-The Sylow theorems are a great example. I think they are taught so ubiquitously because they provide perhaps the most elementary example of the broad pattern in mathematics of determining the structure an interesting object (finite groups) according to an invariant (the order). They also illustrate the power of letting groups act on things. Still, I have never encountered an actual use of the Sylow theorems in real life.
-Jordan / Rational canonical forms. This is a fairly ubiquitous topic in undergraduate / 1st year graduate linear algebra, but it doesn't seem to come up all that often (I can think of a few applications in Lie theory and differential equations). And even when it does come up, you usually just need that the diagonal + nilpotent decomposition exists - you never need to actually do calculations.
-Riemann integration. Many undergraduates take a course based on, for example. Spivak's "Calculus" and/or Rudin's "Principles of Mathematical Analysis" in which Riemann sums are developed in great detail. I went through all that and I barely remember how it works, because now I have my good friend the Lebesgue integral. Of course the Lebesgue integral is more sophisticated and difficult to learn, while undergraduates should have SOME theory of integration available.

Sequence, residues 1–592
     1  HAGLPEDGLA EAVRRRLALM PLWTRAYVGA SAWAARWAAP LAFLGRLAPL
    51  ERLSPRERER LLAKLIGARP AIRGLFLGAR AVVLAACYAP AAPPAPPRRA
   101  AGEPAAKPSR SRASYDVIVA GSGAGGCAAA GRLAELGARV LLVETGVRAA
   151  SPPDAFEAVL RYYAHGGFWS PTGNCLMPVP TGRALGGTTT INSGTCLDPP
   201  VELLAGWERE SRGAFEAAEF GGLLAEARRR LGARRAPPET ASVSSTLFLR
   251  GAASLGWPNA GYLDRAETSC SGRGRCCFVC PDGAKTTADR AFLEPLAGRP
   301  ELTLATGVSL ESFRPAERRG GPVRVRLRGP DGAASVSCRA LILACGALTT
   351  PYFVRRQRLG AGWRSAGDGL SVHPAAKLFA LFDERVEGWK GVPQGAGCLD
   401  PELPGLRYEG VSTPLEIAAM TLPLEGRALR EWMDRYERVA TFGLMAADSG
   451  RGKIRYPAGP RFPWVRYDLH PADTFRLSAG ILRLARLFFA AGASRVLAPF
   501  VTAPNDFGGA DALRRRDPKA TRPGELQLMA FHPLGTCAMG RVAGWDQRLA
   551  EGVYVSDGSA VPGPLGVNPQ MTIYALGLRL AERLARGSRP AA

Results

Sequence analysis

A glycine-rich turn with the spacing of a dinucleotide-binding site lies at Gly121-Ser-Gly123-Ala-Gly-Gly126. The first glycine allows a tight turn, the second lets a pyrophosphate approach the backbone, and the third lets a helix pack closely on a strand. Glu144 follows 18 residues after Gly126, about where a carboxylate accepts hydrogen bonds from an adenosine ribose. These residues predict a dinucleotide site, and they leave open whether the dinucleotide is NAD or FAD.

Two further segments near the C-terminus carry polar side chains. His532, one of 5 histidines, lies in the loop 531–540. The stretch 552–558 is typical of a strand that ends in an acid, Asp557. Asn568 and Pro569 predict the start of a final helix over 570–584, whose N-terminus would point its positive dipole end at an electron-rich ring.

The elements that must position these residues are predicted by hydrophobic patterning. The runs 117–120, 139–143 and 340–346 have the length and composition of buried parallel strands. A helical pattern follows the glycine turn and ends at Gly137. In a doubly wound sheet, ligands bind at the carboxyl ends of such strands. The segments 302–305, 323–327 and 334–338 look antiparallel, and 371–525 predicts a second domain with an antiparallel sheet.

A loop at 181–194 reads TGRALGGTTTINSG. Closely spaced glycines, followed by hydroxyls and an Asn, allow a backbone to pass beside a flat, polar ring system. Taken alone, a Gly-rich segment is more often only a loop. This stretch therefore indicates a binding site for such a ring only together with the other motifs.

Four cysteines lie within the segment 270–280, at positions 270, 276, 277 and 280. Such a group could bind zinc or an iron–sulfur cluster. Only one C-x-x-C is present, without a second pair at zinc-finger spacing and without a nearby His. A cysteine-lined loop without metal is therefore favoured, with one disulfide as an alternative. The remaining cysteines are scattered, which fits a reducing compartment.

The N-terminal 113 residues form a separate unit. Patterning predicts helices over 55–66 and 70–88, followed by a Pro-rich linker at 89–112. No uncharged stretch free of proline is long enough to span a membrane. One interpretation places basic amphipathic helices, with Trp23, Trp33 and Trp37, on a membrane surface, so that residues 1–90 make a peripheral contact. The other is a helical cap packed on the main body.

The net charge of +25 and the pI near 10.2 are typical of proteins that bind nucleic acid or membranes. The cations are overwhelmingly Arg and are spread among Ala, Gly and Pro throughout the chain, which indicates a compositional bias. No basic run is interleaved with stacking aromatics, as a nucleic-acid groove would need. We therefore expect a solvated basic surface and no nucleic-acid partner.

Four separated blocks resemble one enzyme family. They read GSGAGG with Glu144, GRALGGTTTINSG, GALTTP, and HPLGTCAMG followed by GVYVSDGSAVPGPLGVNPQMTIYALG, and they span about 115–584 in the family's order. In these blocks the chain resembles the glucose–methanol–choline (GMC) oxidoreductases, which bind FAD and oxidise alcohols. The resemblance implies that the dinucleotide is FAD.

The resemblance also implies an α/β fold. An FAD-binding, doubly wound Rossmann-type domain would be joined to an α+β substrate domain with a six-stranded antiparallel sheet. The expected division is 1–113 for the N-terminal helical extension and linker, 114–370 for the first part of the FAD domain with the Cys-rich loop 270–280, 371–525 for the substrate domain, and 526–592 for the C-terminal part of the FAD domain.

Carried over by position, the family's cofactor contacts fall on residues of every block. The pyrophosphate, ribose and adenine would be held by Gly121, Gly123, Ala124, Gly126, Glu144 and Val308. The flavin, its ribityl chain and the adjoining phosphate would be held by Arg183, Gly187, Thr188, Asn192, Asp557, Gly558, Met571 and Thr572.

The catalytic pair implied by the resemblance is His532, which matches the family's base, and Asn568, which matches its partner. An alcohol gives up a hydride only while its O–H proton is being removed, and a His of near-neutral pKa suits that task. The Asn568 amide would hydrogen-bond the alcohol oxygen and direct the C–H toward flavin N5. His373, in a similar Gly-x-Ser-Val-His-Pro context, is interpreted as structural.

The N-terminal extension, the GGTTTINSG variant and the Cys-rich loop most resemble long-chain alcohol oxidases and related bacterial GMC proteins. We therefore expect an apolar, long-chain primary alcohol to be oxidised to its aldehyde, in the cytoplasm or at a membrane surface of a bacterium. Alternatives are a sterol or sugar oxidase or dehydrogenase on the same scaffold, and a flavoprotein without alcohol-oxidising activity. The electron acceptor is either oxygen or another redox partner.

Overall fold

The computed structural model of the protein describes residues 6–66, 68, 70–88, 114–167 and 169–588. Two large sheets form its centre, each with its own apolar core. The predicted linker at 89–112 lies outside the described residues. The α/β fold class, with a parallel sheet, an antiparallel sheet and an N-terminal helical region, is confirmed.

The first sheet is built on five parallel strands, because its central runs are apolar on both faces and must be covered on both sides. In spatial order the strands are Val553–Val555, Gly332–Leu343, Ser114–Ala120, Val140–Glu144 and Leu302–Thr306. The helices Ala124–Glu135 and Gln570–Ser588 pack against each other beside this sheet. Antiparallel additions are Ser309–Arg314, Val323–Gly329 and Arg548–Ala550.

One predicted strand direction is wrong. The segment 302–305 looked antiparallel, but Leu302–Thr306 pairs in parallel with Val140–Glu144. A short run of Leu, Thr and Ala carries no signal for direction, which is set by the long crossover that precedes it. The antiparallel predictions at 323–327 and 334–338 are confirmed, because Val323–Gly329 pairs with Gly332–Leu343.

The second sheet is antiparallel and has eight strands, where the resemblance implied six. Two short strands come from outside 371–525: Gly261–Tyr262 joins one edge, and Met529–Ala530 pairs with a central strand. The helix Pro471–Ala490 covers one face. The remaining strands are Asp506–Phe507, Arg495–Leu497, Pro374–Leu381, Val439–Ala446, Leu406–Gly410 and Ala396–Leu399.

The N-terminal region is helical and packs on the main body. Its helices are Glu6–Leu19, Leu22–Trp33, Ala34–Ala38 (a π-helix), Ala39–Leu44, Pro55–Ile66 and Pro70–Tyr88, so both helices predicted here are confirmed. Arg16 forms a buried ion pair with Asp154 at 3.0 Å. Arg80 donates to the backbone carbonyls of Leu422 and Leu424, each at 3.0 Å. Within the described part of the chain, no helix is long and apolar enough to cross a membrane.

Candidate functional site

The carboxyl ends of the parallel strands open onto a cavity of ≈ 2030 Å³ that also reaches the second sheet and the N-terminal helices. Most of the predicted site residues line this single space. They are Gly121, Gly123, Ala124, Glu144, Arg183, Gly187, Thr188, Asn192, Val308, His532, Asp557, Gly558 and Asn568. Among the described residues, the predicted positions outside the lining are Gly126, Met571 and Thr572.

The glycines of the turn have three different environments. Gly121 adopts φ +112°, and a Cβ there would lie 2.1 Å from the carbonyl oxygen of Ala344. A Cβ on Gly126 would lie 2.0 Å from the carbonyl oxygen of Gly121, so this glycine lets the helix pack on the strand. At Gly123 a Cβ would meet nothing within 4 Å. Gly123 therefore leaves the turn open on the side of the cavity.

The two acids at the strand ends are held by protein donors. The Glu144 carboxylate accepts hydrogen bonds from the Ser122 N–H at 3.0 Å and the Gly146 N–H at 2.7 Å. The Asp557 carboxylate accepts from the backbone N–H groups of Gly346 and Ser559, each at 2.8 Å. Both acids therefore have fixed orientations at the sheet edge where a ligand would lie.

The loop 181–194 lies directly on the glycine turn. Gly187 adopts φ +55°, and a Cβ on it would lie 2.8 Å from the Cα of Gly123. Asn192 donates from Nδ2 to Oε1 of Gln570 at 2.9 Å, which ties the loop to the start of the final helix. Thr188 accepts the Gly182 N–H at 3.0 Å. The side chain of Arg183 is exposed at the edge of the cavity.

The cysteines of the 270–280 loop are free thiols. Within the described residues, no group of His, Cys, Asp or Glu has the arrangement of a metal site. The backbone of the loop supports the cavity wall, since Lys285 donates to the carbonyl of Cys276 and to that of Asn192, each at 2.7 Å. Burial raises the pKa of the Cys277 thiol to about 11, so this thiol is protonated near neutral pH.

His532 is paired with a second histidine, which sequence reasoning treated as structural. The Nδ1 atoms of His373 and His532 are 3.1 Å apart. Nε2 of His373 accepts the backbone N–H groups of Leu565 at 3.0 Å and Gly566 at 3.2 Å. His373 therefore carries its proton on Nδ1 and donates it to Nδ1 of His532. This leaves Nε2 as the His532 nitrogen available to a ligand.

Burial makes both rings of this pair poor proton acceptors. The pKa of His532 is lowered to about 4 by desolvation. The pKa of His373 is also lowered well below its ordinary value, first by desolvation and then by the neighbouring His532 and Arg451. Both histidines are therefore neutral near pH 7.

-Basic number theory. I remember computing stuff like 7^92 mod 11 and solving x^65 = -1 mod 5, but for the life of me I don't remember half of that stuff. I guess that sort of thing provides a good invitation to more difficult mathematics, and it is probably foundational for actual number theorists.
-I wouldn't really put point set topology on the list. As you say many logicians an algebraic geometers (even number theorists) encounter certain ideas in point set topology, and such notions are also very important in a different way to analysts (e.g. weak topologies, Frechet topologies).
-Homological algebra. This is probably changing these days, but many students aren't seeing basic homological algebra until their first year graduate algebraic topology course.
-Representation theory. There are plenty of very nice, basic theorems that for some reason don't make it into the undergraduate or even graduate curriculum. I'm into analysis and geometry, and even for me I found this to be a big gap in my education.
-Lie theory. I learned it as an undergraduate, but I think most students don't.
-Metric geometry / convex geometry. There are lots of useful ideas here for analysts and even number theorists that aren't commonly taught.